“3D printing is a commercial technology primarily for rapid prototyping. Multinational companies (MNC) and corporations use it to test out new product designs and functional parts before entering mass production,” explains Mak.
“Since the patent for this (3D printing) technology expired recently, it created an interest among enthusiasts who see great busines potential in it.”
The engineering graduate joined forces with his varsity mates Gan Yu Han and Liu Chee Wei to establish Makerzone Sdn Bhd — an online 3D printing business — to cash in on this relatively new technology in Malaysia.
“I was in Bandung, Indonesia in late 2012 and was chatting with Chee Wei online when he mentioned setting up a business. That’s when the idea was born,” he says when describing the company’s formation.
“We’re equal partners in this company and it is currently an online business,” he adds. He says the most memorable moment was when the company received its first 3D printer from the Netherlands costing about RM8,000 then.
“It is getting cheaper now. The third machine we received a few days ago is only RM2,800 — far better and faster compared to the first generation machines,” Mak adds.
The tech enthusiast says he and his partners still have a long way to go before they achieve their goals for the company.
“The future is mass-customisation instead of mass production. What we see for the future is that anything is customisable for an individual.”
Marketing maths skills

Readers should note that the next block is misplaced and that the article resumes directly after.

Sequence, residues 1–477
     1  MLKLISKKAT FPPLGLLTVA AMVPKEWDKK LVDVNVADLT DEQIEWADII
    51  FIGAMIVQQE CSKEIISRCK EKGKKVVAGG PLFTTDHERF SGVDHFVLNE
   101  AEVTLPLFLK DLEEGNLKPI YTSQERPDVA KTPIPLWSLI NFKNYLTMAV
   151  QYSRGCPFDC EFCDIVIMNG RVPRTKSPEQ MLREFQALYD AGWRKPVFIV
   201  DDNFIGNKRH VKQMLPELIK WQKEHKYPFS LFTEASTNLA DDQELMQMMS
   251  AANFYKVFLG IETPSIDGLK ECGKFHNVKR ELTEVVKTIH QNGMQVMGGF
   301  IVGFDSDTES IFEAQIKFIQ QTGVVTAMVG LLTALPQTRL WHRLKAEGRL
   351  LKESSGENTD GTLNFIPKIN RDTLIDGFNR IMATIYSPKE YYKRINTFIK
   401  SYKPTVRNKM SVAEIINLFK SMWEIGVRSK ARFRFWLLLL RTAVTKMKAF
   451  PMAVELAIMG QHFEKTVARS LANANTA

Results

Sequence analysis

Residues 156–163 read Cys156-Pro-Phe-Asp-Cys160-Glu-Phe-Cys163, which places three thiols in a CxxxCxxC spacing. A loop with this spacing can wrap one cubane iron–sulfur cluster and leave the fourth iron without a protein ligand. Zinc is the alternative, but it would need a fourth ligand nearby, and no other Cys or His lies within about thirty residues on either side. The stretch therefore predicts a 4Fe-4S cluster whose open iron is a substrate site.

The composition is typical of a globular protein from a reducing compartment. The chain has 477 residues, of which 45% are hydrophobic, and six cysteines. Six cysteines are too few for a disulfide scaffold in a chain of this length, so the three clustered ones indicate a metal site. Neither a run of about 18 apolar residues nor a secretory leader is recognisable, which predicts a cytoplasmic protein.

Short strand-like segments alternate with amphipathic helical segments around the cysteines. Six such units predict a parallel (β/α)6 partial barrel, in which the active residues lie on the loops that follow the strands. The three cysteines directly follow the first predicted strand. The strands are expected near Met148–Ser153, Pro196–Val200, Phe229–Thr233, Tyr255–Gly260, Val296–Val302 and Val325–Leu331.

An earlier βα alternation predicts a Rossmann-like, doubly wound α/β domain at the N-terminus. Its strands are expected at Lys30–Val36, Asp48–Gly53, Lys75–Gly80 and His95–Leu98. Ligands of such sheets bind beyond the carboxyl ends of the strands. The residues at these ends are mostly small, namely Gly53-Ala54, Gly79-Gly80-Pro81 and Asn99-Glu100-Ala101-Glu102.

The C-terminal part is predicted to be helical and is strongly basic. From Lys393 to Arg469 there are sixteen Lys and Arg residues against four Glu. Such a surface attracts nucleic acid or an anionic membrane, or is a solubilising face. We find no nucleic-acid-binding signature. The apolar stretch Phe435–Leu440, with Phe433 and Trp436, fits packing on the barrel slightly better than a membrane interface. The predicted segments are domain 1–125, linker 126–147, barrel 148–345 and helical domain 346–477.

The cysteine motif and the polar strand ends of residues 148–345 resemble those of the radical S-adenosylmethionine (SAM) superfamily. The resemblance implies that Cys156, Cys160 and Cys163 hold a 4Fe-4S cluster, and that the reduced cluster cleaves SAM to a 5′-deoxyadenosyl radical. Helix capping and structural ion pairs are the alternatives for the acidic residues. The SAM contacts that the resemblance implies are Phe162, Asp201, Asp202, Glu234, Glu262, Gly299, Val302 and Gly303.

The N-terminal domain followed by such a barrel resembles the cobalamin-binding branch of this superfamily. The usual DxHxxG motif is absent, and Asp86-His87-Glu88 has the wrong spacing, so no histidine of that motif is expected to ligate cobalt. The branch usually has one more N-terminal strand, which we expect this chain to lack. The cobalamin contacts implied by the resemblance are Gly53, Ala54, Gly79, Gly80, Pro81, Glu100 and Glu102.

POWERHOUSE Academy founder West Wong Woon Chieng can easily put Charles Eppes from the TV series Numb3rs to shame with his skills in mathematics.
The actuarial science graduate first discovered his love for numbers at the tender age of nine and has been honing his skills ever since.
He now runs Powerhouse Academy — a learning centre that focuses on teaching mental calculations to the young and old — together with a partner.
“We started it because we found that our education system needed improvement, especially in the way Mathematics is taught as a subject,” Wong says.
He adds that he wants to change people’s perception towards mathematics so that everyone young or old can learn it with ease.
The academy was established in 2010 but there were hardly any students in the early days and it was a struggle for him.
Then there were the naysayers who kept telling that it (his business) will not work.
Wong says that he had to “sell” the uniqueness of Mental Arithmetic by distributing flyers and through online marketing.
“We then teamed up with Utar and its Malaysia Mental Literacy Movement (MMLM) and it gave us greater exposure.
“We customise each class to suit our students’ learning ability and that’s why parents seek us out.”
“In addition, our classroom is more practical as we simulate similar real life problems for the students to solve. That helps the student to apply their knowledge in a practical way,” he says.
Wong adds that the academy built its reputation after he attended the World Mental Olympics in Turkey in 2012.
However, Wong is quick to point out there is no guaranteed way to market oneself as it always boils down to trial and error.
Service at your doorstep
Ordering food should be easy, fast and definitely fun.
That is the philosophy behind foodpanda — an online food delivery service.
The company’s marketing director Sidney Ng Leong Sheng says it took a lot of convincing for restaurants to “get on board” and register at its website initially.
“We basically had to sell ‘sandcastles in the air’ to our vendors,” he says, adding that he had to get them to visualise how they could be featured in the company’s website, which at that point, had not been created yet.
The biotechnology graduate beams with pride as he tells how vendors see the company as a business partner by giving them more sales which in turn puts them at a competitive advantage.
“In the beginning, the challenge was convincing restaurants to sign up with us. Now, our focus is on ensuring that we have a quick and efficient food delivery service.